This week’s The Latest in Economic Development explores worker skills mismatch, a new H-1B visa report, a variety of activities in city economic development, and some upcoming economic development events. Have things to add, contact me at email@example.com.
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Lately there’s been a lot of chatter about the paradox of lots of vacant jobs and also lots of unemployed people, causing some to point to a “skills mismatch”. But recent research by The Federal Reserve Bank of Chicago found limited evidence of such a mismatch. If one does exist, according to the Chicago Fed, it’s for middle skill workers. “…Occupations that require a moderate amount of skill have not experienced the employment gains, despite the fact that the data from online ads suggest that their skills are in the greatest demand.” Further, Chicago Magazine’s commentary on this research discusses “jobless recoveries” which suffer from the loss of middle skilled jobs that never return. And Inc. adds another couple of reasons to the mix, including risk averse companies and picky employers and workers.
Highlighting the U.S.’s thirst for high-skilled talent, Brookings Metropolitan Policy Program released a new report on H-1B visas, which “allows employers to hire foreigners to work in specialty occupations on a temporary basis.” The report states that almost two-thirds of the requests for H-1B visas are for occupations in science, technology, engineering, and mathematics (STEM), with requests for H-1B visas coming from various sectors depending on the metropolitan region. “Demand in corporate metro areas (such as Columbus, IN and Seattle, WA) comes predominately from private employers…while in research metros (such as Durham, NC and Ann Arbor, MI) the demand is driven by universities and other research institutions.” Brookings calls on the federal government to “adjust the cap for H-1B visa applicants based on local employer skills needs and regional economic indicators.” And to “channel H-1B visa fees to skills training in areas that are currently being filled by H-1B workers at the metropolitan level.”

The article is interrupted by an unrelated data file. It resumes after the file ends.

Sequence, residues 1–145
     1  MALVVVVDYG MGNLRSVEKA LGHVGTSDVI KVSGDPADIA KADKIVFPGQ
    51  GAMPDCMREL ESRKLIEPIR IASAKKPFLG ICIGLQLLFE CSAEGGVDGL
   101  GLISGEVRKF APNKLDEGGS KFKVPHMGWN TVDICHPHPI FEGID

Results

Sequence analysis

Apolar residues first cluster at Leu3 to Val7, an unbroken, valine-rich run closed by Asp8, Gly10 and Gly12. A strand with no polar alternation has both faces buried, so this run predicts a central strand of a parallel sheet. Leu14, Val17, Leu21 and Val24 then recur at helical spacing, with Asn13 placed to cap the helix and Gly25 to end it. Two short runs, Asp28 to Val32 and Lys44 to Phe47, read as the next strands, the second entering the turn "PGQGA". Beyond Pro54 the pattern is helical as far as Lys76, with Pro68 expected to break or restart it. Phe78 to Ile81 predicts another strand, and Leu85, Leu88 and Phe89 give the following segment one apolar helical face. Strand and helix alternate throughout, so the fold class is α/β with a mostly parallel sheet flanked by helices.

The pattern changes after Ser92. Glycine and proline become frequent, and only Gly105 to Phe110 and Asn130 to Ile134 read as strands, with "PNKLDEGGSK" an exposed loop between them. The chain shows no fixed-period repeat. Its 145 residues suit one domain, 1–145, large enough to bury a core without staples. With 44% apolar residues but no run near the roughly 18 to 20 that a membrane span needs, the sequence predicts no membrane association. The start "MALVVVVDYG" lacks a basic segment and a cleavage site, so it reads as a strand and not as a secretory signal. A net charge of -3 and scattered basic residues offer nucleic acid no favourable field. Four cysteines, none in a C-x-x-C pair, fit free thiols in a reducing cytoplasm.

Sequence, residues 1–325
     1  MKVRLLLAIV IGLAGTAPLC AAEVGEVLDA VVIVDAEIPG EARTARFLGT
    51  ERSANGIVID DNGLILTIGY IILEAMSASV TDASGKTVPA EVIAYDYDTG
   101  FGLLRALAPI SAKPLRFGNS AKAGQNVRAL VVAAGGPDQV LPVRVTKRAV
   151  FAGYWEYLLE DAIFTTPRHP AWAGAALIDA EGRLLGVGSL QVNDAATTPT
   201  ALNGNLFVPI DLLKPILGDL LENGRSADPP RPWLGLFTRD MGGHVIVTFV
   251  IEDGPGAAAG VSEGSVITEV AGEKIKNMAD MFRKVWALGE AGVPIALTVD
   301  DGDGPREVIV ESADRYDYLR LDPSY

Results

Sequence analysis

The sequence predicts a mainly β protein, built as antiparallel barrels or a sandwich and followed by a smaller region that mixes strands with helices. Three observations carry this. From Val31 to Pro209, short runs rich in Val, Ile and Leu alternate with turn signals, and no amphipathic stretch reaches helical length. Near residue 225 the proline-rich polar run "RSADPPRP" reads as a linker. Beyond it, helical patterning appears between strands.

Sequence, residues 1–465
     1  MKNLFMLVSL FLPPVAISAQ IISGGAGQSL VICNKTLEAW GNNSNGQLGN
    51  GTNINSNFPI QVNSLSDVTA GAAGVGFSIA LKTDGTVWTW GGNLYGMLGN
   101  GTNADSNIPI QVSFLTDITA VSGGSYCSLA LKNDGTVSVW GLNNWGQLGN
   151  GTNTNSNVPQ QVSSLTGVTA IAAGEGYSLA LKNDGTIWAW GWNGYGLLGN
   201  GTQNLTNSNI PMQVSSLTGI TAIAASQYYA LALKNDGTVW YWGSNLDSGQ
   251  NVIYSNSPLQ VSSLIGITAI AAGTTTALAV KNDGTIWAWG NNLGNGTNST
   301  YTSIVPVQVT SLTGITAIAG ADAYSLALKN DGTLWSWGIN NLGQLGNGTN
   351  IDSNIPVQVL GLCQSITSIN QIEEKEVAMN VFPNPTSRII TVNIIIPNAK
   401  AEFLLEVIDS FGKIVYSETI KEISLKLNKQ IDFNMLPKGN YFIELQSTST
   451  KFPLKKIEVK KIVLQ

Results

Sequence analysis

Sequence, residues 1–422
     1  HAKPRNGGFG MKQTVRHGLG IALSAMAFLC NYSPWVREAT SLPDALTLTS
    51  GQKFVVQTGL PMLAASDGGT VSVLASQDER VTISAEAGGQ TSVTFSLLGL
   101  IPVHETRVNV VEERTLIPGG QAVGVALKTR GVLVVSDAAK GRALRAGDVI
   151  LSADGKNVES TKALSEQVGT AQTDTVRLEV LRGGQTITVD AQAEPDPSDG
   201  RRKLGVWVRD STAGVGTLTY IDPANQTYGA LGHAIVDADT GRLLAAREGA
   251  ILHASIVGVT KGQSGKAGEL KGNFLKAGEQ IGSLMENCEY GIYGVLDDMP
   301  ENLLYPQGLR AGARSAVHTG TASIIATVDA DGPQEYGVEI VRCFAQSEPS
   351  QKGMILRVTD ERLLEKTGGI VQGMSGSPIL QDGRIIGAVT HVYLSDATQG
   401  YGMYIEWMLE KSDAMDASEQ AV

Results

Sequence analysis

In other economic development news….. the mayors of San Diego and Phoenix, both areas with large defense industries, express their concerns about looming federal budget cuts (Christian Science Monitor via Governing). The mayor of Denver is working to increase small businesses’ access to capital and simplify regulations and permitting by bringing them online (Denver Business Journal). Kansas City’s microlending programs grows to almost 1.5 million (Kansas City Star). And the city of Saint Paul gets props for supporting small business (Star Tribune).
Last but not least, there are a couple of upcoming economic development opportunities. On July 26th, NLC (shameless plug) will host a webinar on the innovative and ambitious Evergreen Cooperatives, which have been getting a lot of positive buzz lately (see recent Atlantic Cities article). Register here.
The folks at ICIC and CEOs for Cities have put out a call for case studies on “what’s working” in cities in the areas of sector-led workforce development, city and anchor economic development collaborations, and efforts to create jobs and build businesses in food clusters. Selected case studies will have the chance to present at their 2012 Inner City Economic Summit. More information here.